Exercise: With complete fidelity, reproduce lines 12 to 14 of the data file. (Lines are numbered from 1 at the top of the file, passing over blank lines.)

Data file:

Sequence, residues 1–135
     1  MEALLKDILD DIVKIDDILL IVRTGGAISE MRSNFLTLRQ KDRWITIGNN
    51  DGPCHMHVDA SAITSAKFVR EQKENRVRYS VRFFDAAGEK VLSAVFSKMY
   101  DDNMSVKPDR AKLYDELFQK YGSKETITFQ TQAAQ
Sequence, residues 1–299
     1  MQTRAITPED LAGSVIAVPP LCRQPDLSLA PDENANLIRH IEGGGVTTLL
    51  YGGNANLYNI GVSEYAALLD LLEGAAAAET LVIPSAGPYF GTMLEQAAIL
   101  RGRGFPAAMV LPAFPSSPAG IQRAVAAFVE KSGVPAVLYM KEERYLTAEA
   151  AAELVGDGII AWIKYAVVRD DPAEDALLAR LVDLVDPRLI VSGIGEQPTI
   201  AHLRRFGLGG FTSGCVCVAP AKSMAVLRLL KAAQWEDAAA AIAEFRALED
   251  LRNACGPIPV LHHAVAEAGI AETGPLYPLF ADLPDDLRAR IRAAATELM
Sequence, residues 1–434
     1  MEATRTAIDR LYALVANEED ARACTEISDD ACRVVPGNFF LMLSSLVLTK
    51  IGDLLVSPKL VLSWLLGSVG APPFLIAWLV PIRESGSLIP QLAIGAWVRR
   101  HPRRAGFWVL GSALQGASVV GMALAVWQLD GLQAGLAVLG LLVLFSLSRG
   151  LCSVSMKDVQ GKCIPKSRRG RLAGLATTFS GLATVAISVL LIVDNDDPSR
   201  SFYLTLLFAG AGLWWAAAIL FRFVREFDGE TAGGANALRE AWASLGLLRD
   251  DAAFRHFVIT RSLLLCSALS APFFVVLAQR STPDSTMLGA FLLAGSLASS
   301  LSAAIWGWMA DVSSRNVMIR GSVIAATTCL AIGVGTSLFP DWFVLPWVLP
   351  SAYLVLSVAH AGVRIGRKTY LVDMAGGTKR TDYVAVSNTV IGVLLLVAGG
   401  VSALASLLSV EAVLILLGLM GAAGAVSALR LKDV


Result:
Sequence, residues 1–434
     1  MEATRTAIDR LYALVANEED ARACTEISDD ACRVVPGNFF LMLSSLVLTK
    51  IGDLLVSPKL VLSWLLGSVG APPFLIAWLV PIRESGSLIP QLAIGAWVRR